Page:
Encouraging Brain Donations for Huntington’s Research Goal of HDSA and CHDI Foundation Partnership

Encouraging Brain Donations for Huntington’s Research Goal of HDSA and CHDI Foundation Partnership

Encouraging the families of people affected by Huntington’s disease to donate, post-mortem, their brain and other organs so as to advance research into the disease and its possible treatments is the goal of the Huntington’s Disease Society of America (HDSA) and the CHDI Foundation partnership.

Called HD Legacy, the initiative hopes to spur donation of organs from Huntington’s gene-expansion carriers and those at-risk, as well as from and healthy individuals. Donation processes will be handled at no cost by the Harvard Brain Tissue Resource Center (HBTRC).

“Science still has a quite rudimentary understanding of how the human brain works,” Robi Blumenstein, president of CHDI Management, said in a news release. “Researchers need more brain donations from HD-affected individuals to better understand how HD [Huntington’s disease] affects the human brain, what happens to the different cell types and circuits that make up the brain over time.”

Huntington’s is a severe neurodegenerative disorder characterized by uncontrolled jerking and writhing movements known as chorea, loss of thinking abilities, and psychiatric problems. Symptoms are sometimes described as simultaneously having amyotrophic lateral sclerosis (ALS), Parkinson’s disease and Alzheimer’s.

While there is no cure for HD, approved therapies can help to manage the disease and maintain a quality of life. Several experimental treatments are also under investigation.

Caused by a mutation of the huntingtin gene, the disorder affects 33,000 U.S. residents. More than 200,000 individuals are at risk of disease inheritance.

Sabina Berretta, MD, HBTRC director, called brain donation a “gift of knowledge” to the research community as well as to society. “Investigations on the human brain open a unique window into the changes that occur at the cellular and molecular level, which is an essential step toward more effective therapeutic interventions,” she said.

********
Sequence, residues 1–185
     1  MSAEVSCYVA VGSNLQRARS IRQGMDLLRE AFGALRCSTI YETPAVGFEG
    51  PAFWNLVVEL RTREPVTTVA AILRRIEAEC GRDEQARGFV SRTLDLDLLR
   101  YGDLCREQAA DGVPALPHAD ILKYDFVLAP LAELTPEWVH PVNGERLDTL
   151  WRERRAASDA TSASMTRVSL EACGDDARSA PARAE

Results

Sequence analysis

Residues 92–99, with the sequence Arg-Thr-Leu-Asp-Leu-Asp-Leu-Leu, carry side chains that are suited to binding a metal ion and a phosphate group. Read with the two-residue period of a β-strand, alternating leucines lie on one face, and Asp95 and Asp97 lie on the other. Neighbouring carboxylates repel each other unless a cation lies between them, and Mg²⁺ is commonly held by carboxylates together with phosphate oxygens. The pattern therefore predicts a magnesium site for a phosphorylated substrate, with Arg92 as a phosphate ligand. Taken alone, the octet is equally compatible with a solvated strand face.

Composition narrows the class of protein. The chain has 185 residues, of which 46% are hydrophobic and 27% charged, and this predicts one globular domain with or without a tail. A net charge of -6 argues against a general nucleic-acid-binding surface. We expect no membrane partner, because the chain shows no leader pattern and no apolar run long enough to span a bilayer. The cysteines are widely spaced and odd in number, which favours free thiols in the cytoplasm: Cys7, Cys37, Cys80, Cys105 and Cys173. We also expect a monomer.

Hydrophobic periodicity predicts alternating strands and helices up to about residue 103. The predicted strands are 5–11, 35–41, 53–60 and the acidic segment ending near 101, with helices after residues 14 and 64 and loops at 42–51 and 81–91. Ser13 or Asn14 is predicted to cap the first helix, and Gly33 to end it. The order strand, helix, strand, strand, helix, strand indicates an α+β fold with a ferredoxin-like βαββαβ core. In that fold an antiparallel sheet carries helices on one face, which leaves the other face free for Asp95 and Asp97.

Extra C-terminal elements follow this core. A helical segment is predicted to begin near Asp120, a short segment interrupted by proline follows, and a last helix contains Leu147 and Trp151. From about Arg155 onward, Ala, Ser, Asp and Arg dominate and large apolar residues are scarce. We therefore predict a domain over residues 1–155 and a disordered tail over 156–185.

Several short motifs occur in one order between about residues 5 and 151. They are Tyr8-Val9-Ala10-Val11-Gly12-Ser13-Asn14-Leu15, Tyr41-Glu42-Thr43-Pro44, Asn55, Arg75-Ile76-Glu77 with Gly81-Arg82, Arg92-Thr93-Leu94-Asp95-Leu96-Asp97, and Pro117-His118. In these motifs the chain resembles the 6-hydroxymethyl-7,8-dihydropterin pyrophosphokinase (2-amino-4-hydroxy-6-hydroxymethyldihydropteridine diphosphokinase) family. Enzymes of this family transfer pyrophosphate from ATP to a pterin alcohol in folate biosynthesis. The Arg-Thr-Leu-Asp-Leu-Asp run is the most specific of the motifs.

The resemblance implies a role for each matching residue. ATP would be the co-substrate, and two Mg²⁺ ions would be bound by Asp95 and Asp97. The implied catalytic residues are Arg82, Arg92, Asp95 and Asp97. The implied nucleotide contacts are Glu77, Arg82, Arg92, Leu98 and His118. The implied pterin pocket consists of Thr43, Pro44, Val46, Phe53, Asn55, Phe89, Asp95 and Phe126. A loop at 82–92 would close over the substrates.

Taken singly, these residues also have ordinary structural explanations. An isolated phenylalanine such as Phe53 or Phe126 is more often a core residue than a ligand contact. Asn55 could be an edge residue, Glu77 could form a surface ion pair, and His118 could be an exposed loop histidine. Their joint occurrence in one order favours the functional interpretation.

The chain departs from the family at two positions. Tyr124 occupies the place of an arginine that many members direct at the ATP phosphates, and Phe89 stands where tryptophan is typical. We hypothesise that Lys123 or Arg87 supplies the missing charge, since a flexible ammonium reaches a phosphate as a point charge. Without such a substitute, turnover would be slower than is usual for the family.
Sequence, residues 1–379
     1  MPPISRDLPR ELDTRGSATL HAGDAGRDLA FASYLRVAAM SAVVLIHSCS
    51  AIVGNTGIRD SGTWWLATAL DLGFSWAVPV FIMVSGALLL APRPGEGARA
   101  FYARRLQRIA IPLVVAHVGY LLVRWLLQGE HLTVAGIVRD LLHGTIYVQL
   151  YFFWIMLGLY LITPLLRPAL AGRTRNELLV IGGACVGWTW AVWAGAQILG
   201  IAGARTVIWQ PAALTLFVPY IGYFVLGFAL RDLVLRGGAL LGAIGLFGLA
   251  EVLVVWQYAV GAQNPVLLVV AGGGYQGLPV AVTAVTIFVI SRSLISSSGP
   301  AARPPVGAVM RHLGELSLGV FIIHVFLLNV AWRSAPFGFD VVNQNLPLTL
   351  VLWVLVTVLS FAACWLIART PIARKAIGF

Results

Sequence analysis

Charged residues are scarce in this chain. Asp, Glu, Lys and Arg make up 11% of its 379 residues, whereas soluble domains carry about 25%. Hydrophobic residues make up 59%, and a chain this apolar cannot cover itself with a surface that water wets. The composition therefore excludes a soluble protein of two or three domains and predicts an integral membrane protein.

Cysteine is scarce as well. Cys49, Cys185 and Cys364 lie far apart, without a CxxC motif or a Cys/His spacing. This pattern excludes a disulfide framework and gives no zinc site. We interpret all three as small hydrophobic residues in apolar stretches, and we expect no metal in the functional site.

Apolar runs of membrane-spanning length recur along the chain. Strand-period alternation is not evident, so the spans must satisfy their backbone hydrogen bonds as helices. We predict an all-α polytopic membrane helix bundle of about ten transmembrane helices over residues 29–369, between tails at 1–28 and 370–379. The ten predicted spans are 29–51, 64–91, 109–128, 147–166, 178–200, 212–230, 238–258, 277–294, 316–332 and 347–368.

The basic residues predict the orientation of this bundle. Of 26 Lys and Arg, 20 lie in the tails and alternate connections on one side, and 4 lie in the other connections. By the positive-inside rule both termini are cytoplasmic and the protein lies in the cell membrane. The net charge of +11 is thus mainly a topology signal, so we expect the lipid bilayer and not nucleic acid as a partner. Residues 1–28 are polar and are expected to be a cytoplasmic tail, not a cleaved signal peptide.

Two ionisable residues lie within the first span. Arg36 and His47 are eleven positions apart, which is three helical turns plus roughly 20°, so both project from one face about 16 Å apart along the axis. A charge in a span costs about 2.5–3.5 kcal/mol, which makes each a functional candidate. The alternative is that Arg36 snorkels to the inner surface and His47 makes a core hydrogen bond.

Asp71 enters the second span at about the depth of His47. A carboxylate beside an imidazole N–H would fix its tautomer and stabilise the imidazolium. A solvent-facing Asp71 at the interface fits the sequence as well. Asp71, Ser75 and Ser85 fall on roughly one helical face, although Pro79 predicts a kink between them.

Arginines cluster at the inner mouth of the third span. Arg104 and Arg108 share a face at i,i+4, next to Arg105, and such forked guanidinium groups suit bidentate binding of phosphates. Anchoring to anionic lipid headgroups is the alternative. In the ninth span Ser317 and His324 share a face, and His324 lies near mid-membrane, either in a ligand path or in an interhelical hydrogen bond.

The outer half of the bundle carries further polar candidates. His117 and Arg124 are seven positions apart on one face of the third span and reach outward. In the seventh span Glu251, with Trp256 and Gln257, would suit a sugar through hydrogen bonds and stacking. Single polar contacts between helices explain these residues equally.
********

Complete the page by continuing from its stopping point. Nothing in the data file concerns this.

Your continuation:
For additional donor information, visit the HBTRC website or call 800-272-4622.

“The decision to donate one’s body to science is an amazingly selfless act,” said Louise Vetter, president and chief executive officer at HDSA. “Participating in HD Legacy is truly a gift for future generations. The brains and other organs donated through this program will leave a legacy of hope, inspiring new knowledge that will someday stop HD in its tracks.”

The HDSA is dedicated to improving the lives of those affected by HD. The CHDI is a privately funded, nonprofit biomedical research organization that seeks to develop therapies that enhance the lives of HD patients.

Mary M. Chapman began her professional career at United Press International, running both print and broadcast desks. She then became a Michigan correspondent for what is now Bloomberg BNA, where she mainly covered the automotive industry plus legal, tax and regulatory issues. A member of the Automotive Press Association and one of a relatively small number of women on the car beat, Chapman has discussed the automotive industry multiple times of National Public Radio, and in 2014 was selected as an honorary judge at the prestigious Cobble Beach Concours d’Elegance. She has written for numerous national outlets including Time, People, Al-Jazeera America, Fortune, Daily Beast, MSN.com, Newsweek, The Detroit News and Detroit Free Press. The winner of the Society of Professional Journalists award for outstanding reporting, Chapman has had dozens of articles in The New York Times, including two on the coveted front page. She has completed a manuscript about centenarian car enthusiast Margaret Dunning, titled “Belle of the Concours.”
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Mary M. Chapman began her professional career at United Press International, running both print and broadcast desks. She then became a Michigan correspondent for what is now Bloomberg BNA, where she mainly covered the automotive industry plus legal, tax and regulatory issues. A member of the Automotive Press Association and one of a relatively small number of women on the car beat, Chapman has discussed the automotive industry multiple times of National Public Radio, and in 2014 was selected as an honorary judge at the prestigious Cobble Beach Concours d’Elegance. She has written for numerous national outlets including Time, People, Al-Jazeera America, Fortune, Daily Beast, MSN.com, Newsweek, The Detroit News and Detroit Free Press. The winner of the Society of Professional Journalists award for outstanding reporting, Chapman has had dozens of articles in The New York Times, including two on the coveted front page. She has completed a manuscript about centenarian car enthusiast Margaret Dunning, titled “Belle of the Concours.”
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